Darwin Falls

A thin waterfall splitting into a V near the bottom feeds a shallow pool surrounded by green plants.
The spring-fed waters of Darwin Falls created an unexpected oasis in the desert.

NPS/Jason Gray

Quick Facts
Death Valley National Park
Hiking Route

Parking - Auto, Scenic View/Photo Spot, Trailhead

Flowing water cascades into a shallow pool surrounded by lush green vegetation.


The above description is not one often associated with Death Valley, but the arid Mojave Desert makes an exception at Darwin Falls. Nestled in an unassuming canyon with no water flowing beyond the canyon mouth, few would guess that around several dry desert bends hides a world of water and life.

Darwin Falls was named for an Army physician, Erasmus Darwin French, who came to the west in 1846 during the Mexican American war and prospected for silver in the area. At around 18 feet (5.5 m) tall, Darwin Falls is one of only a handful of year-round waterfalls in Death Valley National Park. The spring-fed water creates a truly special environment, allowing for the growth of trees, cattails, aquatic vegetation, and even ferns. Amphibians such as tree frogs and toads complete part of their lifecycle in these waters, and wildlife including bighorn sheep depend on the water’s flow for survival.

Humans have also used this water for hundreds of years, and hikers may notice a metal pipe carrying water from the stream below the falls. Please do not enter the pool, as it is the drinking source for nearby Panamint Springs Resort.

The trailhead for the falls is accessed via an unmarked gravel road 1.2 miles (2 km) west of Panamint Springs Resort and is not always passable by sedans; speak with a ranger about current road conditions before heading out.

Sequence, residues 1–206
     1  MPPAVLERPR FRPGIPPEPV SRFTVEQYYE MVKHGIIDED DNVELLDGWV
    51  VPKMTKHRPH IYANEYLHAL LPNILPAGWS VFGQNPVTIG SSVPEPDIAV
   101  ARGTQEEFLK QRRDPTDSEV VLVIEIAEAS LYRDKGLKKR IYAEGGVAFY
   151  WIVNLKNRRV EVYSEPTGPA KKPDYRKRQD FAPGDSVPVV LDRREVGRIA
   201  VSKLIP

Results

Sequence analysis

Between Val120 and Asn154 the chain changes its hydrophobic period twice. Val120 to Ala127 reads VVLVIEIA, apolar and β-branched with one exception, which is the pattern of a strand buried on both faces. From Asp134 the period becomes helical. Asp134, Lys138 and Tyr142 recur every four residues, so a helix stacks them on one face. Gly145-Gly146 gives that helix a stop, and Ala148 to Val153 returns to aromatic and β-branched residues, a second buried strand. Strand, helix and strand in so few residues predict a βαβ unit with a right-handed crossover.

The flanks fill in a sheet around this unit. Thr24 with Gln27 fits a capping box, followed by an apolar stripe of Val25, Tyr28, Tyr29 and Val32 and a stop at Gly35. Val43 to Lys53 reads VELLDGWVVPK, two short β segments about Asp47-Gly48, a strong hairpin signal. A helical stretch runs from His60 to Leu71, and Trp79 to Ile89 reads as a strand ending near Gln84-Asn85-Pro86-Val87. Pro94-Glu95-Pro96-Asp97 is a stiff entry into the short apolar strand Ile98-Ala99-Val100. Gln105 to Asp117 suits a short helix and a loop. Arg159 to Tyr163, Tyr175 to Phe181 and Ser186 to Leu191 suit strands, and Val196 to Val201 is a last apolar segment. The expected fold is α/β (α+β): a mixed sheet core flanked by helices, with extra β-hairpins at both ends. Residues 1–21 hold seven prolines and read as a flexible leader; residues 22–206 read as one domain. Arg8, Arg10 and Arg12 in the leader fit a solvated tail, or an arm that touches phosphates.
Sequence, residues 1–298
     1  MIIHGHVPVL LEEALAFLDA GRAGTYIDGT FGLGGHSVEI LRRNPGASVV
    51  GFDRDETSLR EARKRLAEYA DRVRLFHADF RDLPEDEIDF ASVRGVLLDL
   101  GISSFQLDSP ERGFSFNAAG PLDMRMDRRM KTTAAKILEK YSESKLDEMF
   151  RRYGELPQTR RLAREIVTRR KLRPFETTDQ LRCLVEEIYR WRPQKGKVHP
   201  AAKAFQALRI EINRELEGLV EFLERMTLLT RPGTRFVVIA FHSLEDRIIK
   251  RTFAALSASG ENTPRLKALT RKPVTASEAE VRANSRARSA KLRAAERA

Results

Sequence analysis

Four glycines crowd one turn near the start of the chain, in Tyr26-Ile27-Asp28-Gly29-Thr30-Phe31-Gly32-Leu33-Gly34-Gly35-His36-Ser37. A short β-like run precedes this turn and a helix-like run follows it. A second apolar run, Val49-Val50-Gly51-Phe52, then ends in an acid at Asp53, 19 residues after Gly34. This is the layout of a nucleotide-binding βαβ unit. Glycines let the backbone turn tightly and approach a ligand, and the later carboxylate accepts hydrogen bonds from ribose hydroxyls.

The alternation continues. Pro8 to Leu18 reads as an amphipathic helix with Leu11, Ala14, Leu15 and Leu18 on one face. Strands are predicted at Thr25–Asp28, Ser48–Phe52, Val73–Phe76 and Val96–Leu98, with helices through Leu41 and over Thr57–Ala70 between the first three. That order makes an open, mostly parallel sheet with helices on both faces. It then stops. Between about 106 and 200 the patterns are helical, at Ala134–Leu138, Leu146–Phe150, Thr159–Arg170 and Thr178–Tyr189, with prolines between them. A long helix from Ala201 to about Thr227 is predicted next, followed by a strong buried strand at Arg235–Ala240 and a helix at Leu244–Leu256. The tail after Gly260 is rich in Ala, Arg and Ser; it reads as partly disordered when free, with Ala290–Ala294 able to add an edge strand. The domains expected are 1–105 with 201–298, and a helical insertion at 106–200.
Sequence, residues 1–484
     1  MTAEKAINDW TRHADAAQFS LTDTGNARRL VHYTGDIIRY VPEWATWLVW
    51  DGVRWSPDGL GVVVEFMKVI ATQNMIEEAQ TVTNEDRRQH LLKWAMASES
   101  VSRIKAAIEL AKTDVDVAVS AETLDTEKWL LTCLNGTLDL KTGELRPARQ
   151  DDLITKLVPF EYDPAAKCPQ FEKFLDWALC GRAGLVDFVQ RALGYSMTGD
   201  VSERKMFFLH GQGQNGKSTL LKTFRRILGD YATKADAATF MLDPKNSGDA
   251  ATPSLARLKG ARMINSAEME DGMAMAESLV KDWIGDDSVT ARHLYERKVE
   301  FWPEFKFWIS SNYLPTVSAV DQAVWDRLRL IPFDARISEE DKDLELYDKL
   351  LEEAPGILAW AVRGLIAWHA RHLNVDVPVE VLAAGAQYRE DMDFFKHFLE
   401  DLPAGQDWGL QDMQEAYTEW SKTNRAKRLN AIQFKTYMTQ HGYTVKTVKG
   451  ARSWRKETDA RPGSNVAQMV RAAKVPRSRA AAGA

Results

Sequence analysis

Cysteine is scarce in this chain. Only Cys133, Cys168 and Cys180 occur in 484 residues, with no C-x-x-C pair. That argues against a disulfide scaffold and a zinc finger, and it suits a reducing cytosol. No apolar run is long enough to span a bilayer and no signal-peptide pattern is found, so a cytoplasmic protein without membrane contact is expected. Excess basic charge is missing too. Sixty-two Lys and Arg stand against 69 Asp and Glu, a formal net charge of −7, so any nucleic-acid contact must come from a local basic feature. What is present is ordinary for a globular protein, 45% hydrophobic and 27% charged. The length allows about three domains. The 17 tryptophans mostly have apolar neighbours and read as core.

Round Trip Length: 7 miles (11.3 km)  
Round Trip Time: 2-5 hours
Difficulty: Moderate
Elevation Gain: 450 ft (137 m)
Trail Type: No official trail, unmarked out and back route
Location: Darwin Falls Road off CA-190 (2.5 mi/4km from turn off).
Parking: Darwin Road was destroyed by flooding in 2023. Hikers must now park on the shoulder of CA-190 and walk up the wash to the trailhead.
Closest Restroom: No restrooms. The nearest facilities are located at the privately owned Panamint Springs Resort. Do not leave toilet paper near the trailhead or in the canyon.
Route: Unmarked route. Fairly flat but becomes rocky as it transitions from a gravely desert wash into a high walled canyon. Inside the canyon thick vegetation, stream crossings, and large slick rocks create obstacles requiring caution. Please protect this fragile resource by hiking only where a previous route exists. NO SWIMMING - this water is the drinking source for Panamint Springs Resort.

Note: pets are not allowed on any trail in Death Valley National Park, even if carried. Do not leave your animal in your vehicle. Speak with a ranger about one of the incredible dirt roads where you may walk your pet.

Death Valley National Park

Last updated: June 6, 2024